Situation of Afghanistan 2 years after Taliban takeover


Situation of Afghanistan

2 years after Taliban takeover

15 August 2023

The US-Taliban Doha agreement and subsequent unconditional US withdrawal, alongside the chronic failure of the then ruling Afghan politicians to fight corruption, establish the rule of law and unite for saving the country, resulted to the second takeover by the Taliban two years ago. Islamic republic is replaced by the theocracy of a militant group upholding the most severe interpretation of Sharia. Foreign troops left, but even in the absence of them and the rhetoric of the Taliban over independence, the covered influence of some neighbors on the policies of the Taliban and the presence and control of some World and regional powers in the sky of Afghanistan is still a reality. The full-scale war, once launched by Taliban and its foreign allies, is stopped, but sporadic attacks by IS-Khurasan on civil targets in Afghan cities and Pakistani artillery attacks on villages in East Afghanistan has been going on. Existence of foreign fighters hostile to different regional countries, inside the Afghan territory is a matter of serious national and international concern.

The population, tiered of 45 years of conflict and violence, expect security, a peaceful live, a job, healthcare services, education for their daughters and sons and other fundamental services from their current rulers. Taliban have failed so far to fulfil these expectations. They claim the control of the whole territory of the country, regular fights are stopped but the people of Afghanistan do not feel secure. There is no peace in their day-to-day life because their rulers are repressive and lack internal and international legitimacy, the war-torn country remains vulnerable for eventual new proxy wars to be waged by regional powers.  Food insecurity and dependence on aid is further increased during the two years role of the Taliban from 17 million to 28 million Afghans. Years of draught and lack of agricultural infrastructure does not leave room for sympathy to rely on internal food production. Export of traditional products is restricted by international banking system. Meanwhile the attention of international community to FAO fundraising to respond to this situation in Afghanistan decrease.  A human catastrophe threatens the country in the coming months.

Human rights crisis has replaced the already untidy human rights situation under previous central and local rulers. Freedom of speech is now confined within Taliban rules. Free media is forced to decrease under the Taliban pressure and lack of resources. The Taliban ministry of vice and virtue started its war against women and girls by symbolic occupation of the building of former ministry of Women affairs and then erased women and girls from social life by depriving them from their fundamental human and social rights such as education, work, travel, visiting city parks etc. These restrictions established a situation called as “gender apartheid” by UN Special representative for human rights.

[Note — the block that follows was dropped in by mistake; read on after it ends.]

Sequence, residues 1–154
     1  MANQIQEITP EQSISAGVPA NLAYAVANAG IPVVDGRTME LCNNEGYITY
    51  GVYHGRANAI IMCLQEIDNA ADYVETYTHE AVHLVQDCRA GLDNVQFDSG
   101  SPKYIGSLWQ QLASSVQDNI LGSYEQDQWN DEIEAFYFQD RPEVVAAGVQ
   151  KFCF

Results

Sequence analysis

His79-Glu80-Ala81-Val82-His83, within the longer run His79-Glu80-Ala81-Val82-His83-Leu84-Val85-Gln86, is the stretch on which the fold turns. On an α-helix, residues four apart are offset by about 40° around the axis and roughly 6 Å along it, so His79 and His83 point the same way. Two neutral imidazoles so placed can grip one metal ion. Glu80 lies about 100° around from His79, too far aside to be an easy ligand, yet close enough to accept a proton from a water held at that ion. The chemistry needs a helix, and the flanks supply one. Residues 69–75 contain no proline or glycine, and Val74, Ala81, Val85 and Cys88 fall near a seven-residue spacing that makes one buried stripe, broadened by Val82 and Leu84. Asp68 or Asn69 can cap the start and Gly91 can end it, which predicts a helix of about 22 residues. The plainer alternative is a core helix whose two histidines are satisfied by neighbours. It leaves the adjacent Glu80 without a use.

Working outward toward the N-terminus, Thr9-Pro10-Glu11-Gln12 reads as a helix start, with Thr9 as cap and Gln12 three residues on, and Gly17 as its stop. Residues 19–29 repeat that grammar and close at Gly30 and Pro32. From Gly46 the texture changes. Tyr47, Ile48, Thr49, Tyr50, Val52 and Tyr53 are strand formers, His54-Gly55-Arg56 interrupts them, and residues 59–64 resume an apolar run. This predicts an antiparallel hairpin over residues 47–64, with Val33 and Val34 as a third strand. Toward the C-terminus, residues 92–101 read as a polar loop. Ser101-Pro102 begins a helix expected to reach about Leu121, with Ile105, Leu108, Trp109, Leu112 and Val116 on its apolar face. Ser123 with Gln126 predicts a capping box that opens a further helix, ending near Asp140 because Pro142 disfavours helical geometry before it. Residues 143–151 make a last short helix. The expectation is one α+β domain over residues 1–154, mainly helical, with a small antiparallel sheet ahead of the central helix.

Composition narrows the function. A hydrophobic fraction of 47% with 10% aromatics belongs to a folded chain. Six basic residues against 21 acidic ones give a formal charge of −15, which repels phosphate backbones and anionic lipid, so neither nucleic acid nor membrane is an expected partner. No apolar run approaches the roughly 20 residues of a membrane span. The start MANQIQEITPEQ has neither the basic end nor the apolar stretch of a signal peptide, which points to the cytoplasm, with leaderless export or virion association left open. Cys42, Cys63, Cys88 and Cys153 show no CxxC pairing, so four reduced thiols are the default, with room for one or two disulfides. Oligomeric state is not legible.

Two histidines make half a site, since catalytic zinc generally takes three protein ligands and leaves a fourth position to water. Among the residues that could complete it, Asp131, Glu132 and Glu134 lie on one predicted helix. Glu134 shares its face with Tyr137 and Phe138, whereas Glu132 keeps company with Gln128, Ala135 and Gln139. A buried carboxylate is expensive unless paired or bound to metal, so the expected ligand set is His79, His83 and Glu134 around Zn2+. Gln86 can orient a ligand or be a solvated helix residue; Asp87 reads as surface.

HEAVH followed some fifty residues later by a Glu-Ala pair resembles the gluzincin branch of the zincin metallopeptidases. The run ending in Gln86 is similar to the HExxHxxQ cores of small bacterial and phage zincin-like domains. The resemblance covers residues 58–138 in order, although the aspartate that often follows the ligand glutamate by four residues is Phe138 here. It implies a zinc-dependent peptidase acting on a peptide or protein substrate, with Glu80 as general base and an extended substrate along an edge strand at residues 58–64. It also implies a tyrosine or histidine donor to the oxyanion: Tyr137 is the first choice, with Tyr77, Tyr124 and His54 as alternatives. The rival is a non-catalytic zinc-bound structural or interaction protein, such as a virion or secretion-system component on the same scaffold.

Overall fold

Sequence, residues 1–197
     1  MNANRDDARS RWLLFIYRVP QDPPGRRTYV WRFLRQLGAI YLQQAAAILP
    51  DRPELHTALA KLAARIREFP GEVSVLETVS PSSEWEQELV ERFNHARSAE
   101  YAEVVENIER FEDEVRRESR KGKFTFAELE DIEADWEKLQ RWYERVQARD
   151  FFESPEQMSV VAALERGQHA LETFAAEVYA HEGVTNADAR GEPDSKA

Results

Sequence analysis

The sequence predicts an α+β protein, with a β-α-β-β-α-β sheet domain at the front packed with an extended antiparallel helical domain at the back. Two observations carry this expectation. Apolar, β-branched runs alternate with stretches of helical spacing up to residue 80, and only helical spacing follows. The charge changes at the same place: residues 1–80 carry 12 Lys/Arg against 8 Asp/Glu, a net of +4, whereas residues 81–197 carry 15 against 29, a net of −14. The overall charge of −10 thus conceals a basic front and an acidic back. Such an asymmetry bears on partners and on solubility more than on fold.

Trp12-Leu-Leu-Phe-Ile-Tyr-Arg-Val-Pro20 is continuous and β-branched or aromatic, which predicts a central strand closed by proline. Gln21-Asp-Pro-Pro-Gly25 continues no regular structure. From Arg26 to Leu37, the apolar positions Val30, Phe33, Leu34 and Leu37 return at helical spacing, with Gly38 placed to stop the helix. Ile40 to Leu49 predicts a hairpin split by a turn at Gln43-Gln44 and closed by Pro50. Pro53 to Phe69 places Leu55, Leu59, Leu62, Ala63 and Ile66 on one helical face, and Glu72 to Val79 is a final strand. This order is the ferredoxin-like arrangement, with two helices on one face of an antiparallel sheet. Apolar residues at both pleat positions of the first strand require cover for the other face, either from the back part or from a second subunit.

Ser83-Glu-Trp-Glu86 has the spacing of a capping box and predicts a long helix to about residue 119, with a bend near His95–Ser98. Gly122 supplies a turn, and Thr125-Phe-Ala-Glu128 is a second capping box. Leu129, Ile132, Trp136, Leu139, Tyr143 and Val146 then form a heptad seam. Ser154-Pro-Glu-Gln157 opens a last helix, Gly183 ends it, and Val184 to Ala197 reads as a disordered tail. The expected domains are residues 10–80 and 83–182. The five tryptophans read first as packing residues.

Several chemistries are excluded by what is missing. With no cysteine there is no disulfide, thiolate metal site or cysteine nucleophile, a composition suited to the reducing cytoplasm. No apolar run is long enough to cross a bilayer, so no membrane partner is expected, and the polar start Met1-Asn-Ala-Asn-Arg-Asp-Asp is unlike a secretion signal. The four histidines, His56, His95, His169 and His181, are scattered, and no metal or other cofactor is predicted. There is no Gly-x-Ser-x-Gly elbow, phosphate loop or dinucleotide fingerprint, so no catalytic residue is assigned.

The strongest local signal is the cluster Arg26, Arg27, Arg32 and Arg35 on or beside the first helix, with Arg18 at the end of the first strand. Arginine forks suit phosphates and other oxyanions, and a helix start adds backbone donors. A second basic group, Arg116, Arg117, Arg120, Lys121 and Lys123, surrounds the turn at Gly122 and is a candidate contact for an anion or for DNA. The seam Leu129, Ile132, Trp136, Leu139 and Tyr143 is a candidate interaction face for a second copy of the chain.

• Having in mind the situation mentioned above, we recommend the international community:
  • The population in Afghanistan suffer from severe hardship but the humanitarian aid decrease. While the establishment of the Afghan Trust Fund alleviated some banking problems, serious problems remain, with the result that humanitarian groups, local businesses, and individuals cannot conduct bank transfers. Remittances by Afghan diaspora is also limited due to this problem. International community should find a realistic solution for this problem.
  • The UN independent assessment team for Afghanistan should include experts on human rights, especially the rights of women and girls. This team should consult widely with victims of human rights violation, especially women and girls.  The team is expected to propose concrete tools for upholding human rights standards by international community in Afghanistan.
  • Continuation of international pressure on Taliban is essential for re-establishment of the rights of women and girls to education and work. Even countries engaged in interaction with Taliban should pressurize them to remove these discriminatory and inhuman restrictions.
  • Thousands of Afghans who had fled the country remain in limbo in third countries, including Pakistan, the UAE, Iran, and Turkey, in many cases in dire conditions. Governments engaged with Afghanistan have a responsibility to ensure that Afghans at risk of persecution or harm have meaningful access to legal protection and resettlement.

FAROE is looking forward to seeing progress in the area’s recommended by us.

With regards,

One behalf of the Executive Committee of FAROE

Ali Daliry, chairperson

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